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Effect of a 20-week physical activity intervention on selective attention and academic performance in children living in disadvantaged neighborhoods : a cluster randomized control trial

Gall, Stefanie and Adams, Larissa and Joubert, Nandi and Ludyga, Sebastian and Müller, Ivan and Nqweniso, Siphesihle and Pühse, Uwe and du Randt, Rosa and Seelig, Harald and Smith, Danielle and Steinmann, Peter and Utzinger, Jürg and Walter, Cheryl and Gerber, Markus. (2018) Effect of a 20-week physical activity intervention on selective attention and academic performance in children living in disadvantaged neighborhoods : a cluster randomized control trial. PLoS ONE, 13 (11). e0206908.

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Abstract

OBJECTIVES:
To evaluate the effect of a 20-week school-based physical activity intervention program on academic performance and selective attention among disadvantaged South African primary school children.
DESIGN:
Cluster randomized control trial.
METHODS:
The study cohort included 663 children from eight primary schools, aged 8-13 years. Data assessment took place between February 2015 and May 2016 following the implementation of a 20-week school-based physical activity program. The d2 test was employed to assess selective attention, while the averaged end-of-year school results (math, life skills, home language, and additional language) were used as an indicator of academic performance. Physical fitness was assessed using the 20-m shuttle run test (VO2 max) and grip strength tests. We controlled for cluster effects, baseline scores in selective attention or academic performance, and potential confounders, such as children's age, gender, socioeconomic status, self-reported physical activity (as determined by a pre-tested questionnaire), body mass index, hemoglobin (as a proxy for anemia, as measured by blood sampling), and soil-transmitted helminth infections (as assessed by the Kato-Katz technique).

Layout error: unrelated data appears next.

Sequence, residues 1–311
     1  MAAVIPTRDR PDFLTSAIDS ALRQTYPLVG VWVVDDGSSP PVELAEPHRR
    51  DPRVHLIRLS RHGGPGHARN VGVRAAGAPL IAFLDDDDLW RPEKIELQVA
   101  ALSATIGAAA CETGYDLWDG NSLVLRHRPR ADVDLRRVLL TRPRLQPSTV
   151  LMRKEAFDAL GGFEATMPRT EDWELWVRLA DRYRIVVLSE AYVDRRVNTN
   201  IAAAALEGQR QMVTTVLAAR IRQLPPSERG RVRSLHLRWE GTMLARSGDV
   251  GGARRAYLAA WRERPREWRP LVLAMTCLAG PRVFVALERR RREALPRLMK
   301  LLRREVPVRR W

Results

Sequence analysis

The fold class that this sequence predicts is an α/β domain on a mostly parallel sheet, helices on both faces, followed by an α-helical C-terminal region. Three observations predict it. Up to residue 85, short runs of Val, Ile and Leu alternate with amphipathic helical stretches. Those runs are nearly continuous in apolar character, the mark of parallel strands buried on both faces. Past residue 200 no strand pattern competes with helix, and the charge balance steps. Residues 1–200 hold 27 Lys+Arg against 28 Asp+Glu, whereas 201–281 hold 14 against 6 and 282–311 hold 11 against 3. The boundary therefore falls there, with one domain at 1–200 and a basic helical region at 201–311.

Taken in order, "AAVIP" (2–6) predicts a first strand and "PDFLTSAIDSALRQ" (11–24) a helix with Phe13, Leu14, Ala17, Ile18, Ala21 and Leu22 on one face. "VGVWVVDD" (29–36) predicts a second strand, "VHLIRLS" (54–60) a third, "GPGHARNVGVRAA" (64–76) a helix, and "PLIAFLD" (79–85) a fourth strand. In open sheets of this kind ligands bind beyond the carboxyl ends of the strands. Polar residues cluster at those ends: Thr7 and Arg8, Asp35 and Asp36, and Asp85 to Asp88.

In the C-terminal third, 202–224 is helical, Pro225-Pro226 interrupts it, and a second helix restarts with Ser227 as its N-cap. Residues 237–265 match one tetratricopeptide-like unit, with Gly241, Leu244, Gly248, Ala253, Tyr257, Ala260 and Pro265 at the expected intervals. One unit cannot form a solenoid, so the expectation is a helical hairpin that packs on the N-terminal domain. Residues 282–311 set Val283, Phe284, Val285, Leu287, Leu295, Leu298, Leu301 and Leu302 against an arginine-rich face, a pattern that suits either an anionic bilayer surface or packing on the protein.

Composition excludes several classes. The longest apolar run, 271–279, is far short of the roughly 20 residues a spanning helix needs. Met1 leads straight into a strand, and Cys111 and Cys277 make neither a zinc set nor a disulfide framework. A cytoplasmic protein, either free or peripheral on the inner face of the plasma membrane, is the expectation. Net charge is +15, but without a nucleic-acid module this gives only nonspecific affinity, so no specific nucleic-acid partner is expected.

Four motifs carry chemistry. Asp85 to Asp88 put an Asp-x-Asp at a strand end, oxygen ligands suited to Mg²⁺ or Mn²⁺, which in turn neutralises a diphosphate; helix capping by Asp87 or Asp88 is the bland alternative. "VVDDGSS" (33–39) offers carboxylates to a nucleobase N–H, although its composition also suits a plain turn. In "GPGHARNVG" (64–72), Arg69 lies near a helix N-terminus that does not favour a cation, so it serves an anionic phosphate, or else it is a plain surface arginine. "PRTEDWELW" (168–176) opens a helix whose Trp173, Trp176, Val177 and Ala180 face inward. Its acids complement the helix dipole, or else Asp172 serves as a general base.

RESULTS:
Our multivariate analysis suggested that the physical activity intervention had a positive effect on academic performance (p = 0.032), while no effect was found on selective attention (concentration performance; p = 0.469; error percentage; p = 0.237). After controlling for potential confounders, the physical activity condition contributed to the maintenance of academic performance, whereas a decrease was observed in learners in the control condition. Furthermore, physically active and fit children tend to have better concentration performance (CP) than their less fit peers (self-reported activity; p<0.016, grip strength; p<0.009, VO2 max p>0.021).
CONCLUSION:
A 20-week physical activity intervention contributes to the maintenance of academic performance among socioeconomically deprived school children in South Africa. School administrators should ensure that their school staff implements physical activity lessons, which are a compulsory component of the school by the curriculum.
Faculties and Departments:09 Associated Institutions > Swiss Tropical and Public Health Institute (Swiss TPH)
09 Associated Institutions > Swiss Tropical and Public Health Institute (Swiss TPH) > Department of Epidemiology and Public Health (EPH) > Eco System Health Sciences > Health Impact Assessment (Utzinger)
09 Associated Institutions > Swiss Tropical and Public Health Institute (Swiss TPH) > Swiss Centre for International Health > Health Systems Support (Prytherch)
03 Faculty of Medicine
UniBasel Contributors:Steinmann, Peter and Utzinger, Jürg and Müller, Iwan Martin and Seelig, Harald
Item Type:Article, refereed
Article Subtype:Research Article
Publisher:Public Library of Science
e-ISSN:1932-6203
Note:Publication type according to Uni Basel Research Database: Journal article
Language:English
Identification Number:
Last Modified:18 Feb 2019 09:54
Deposited On:22 Nov 2018 13:56

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